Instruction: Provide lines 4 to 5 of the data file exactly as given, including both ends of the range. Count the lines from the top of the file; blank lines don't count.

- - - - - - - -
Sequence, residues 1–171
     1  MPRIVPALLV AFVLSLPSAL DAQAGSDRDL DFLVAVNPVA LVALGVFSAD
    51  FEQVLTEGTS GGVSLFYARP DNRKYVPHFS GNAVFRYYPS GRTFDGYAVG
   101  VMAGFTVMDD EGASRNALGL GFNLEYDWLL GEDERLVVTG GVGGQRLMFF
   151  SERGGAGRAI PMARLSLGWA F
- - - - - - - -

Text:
   101  VMAGFTVMDD EGASRNALGL GFNLEYDWLL GEDERLVVTG GVGGQRLMFF
   151  SERGGAGRAI PMARLSLGWA F